July 2, 2014

Flying to and within Mexico just got much less restrictive for U.S. and foreign-based operators flying aircraft listed on a charter certificate but conducting private, non-revenue operations to Mexico.

On June 18 – effective retroactively as of June 3 – the Mexican aviation agency, Dirección General de Aeronáutica Civil (DGAC), made changes to previous rules put in place on April 7 of this year. The new rules clarify that operators with aircraft listed on a charter certificate are once again allowed to operate those same aircraft to Mexico as private, non-revenue flights. NBAA, the FAA and other industry groups expressed great concern following the restrictions imposed in April, which effectively prevented any aircraft placed in a charter management company structure from operating privately in Mexico. The restrictions, which were enacted to prevent cabotage, were put in place following a high-profile accident.

“We are pleased that the Mexican authorities lifted these restrictions and restored a proven system that allows for the safe monitoring of general aviation operations while providing operators the flexibility of travel that is so important to business aviation,” said Peter Korns, NBAA operations specialist. Korns notes, however, that it is the responsibility of operators to file accurate flight plans, Advanced Passenger Information System (APIS) submissions and permit requests, and to operate in Mexico in accordance with the laws governing cabotage.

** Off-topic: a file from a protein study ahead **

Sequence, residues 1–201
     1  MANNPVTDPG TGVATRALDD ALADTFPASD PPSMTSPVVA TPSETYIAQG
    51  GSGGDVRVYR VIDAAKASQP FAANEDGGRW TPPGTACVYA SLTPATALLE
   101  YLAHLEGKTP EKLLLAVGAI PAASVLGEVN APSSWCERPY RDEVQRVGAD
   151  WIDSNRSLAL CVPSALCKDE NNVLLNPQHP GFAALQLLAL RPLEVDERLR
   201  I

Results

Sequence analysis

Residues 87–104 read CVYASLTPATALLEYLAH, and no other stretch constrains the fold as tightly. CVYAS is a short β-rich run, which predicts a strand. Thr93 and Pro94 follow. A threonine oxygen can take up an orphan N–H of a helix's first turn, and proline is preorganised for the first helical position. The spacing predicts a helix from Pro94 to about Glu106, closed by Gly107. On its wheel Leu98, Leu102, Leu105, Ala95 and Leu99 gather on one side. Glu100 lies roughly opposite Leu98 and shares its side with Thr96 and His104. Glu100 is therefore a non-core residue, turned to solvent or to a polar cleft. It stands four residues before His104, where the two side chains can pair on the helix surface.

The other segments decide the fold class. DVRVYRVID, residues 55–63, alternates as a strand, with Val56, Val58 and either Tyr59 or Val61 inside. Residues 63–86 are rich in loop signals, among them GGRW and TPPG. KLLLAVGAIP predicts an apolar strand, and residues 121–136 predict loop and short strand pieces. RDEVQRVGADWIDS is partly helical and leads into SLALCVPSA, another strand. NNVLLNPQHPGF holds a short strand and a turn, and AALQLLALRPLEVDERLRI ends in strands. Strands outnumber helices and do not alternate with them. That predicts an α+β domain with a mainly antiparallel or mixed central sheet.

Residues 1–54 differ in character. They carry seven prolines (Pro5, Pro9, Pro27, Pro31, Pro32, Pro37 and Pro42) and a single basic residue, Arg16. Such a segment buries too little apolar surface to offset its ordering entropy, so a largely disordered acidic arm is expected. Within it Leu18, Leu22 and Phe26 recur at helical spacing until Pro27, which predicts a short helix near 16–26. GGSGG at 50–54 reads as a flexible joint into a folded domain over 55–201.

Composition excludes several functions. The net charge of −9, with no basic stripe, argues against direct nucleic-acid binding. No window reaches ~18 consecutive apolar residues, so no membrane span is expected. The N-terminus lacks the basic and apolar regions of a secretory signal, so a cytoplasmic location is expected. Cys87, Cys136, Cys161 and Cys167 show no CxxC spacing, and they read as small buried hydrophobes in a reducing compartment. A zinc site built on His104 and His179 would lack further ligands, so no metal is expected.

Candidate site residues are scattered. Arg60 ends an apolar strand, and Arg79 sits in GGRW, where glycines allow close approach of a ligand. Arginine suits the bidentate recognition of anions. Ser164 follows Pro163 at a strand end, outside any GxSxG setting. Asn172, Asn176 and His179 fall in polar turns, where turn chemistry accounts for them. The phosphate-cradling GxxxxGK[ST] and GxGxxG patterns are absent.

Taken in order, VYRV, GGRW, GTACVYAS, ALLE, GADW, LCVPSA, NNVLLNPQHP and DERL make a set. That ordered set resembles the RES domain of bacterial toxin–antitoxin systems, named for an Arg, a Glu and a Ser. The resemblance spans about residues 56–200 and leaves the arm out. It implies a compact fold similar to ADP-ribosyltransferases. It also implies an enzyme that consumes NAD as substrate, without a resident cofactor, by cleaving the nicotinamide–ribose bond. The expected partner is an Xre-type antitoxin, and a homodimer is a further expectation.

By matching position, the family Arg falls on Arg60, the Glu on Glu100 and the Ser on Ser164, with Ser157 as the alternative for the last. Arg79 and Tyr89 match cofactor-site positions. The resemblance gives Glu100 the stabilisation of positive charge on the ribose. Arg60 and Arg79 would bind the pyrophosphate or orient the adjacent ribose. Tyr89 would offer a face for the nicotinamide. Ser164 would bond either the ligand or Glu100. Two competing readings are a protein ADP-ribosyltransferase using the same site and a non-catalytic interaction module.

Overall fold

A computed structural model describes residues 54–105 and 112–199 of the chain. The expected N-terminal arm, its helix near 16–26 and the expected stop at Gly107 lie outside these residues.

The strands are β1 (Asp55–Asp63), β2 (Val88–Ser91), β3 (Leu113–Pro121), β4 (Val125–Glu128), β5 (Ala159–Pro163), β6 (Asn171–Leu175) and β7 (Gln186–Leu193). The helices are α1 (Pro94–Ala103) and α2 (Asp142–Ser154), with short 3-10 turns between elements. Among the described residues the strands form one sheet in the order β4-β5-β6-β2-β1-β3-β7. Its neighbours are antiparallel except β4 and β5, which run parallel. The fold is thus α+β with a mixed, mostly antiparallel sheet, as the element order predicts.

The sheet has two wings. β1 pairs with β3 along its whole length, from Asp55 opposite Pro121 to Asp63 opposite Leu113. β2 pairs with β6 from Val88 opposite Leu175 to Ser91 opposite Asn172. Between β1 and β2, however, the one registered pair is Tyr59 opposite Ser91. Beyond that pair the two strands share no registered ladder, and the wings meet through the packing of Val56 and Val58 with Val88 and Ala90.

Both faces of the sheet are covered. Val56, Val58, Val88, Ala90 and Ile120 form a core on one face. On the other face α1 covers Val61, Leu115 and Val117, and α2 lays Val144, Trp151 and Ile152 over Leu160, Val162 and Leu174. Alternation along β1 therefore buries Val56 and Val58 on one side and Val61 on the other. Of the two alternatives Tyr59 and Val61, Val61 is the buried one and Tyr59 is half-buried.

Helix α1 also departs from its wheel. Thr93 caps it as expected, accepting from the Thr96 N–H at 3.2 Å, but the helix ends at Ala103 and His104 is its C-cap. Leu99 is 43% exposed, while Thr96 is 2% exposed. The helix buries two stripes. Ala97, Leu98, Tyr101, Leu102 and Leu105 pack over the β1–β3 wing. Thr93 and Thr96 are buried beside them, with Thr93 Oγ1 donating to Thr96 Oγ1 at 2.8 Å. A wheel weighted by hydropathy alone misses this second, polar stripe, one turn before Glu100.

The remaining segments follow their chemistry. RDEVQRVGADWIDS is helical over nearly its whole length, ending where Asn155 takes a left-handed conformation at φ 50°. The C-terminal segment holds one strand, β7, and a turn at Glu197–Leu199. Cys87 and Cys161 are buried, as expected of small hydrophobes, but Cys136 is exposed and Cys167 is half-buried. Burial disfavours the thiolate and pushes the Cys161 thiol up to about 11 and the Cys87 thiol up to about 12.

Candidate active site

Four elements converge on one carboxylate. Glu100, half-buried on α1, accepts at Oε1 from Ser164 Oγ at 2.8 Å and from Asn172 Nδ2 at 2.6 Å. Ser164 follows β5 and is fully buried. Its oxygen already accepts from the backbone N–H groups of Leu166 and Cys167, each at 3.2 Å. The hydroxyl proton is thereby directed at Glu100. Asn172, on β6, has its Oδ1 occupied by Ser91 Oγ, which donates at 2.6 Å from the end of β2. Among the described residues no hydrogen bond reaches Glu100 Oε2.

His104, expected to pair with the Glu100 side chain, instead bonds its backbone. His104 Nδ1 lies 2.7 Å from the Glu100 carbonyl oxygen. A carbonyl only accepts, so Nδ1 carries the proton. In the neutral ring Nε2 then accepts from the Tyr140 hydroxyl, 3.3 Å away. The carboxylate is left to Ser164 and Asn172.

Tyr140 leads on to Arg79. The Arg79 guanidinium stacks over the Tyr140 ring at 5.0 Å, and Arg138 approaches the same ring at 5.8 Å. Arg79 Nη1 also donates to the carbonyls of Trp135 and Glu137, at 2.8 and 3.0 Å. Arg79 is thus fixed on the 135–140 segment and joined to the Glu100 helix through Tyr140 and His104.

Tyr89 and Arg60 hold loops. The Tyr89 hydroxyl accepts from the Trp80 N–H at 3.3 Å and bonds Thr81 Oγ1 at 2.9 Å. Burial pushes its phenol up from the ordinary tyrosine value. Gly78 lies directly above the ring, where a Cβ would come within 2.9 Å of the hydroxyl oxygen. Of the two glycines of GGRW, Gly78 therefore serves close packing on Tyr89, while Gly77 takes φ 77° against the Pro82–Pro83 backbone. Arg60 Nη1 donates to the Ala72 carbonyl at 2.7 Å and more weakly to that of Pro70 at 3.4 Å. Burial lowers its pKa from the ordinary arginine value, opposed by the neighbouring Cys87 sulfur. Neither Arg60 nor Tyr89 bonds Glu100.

Operators flying to Mexico should be aware that the language in the new June 3 circular continues to restrict aircraft that enter Mexico with a private, non-revenue permit from operating as a charter while in the country. Mexican authorities can impose sanctions or detain the aircraft if such aircraft are discovered operating as a charter while in Mexico.

Additionally, the DGAC will now be using a new database to help in tracking all flight legs – including flight plans, crews and passenger information – to make sure that the flights are compliant with the declared type of flight.

Although it is possible to change passengers on a particular flight leg, operators are encouraged to notify Mexican airport authorities of any manifest changes at least 24 hours in advance, if possible, in order to avoid possible delays. It is also important to note that the regulatory changes are quite new and inconsistencies in interpretation may exist at certain airports.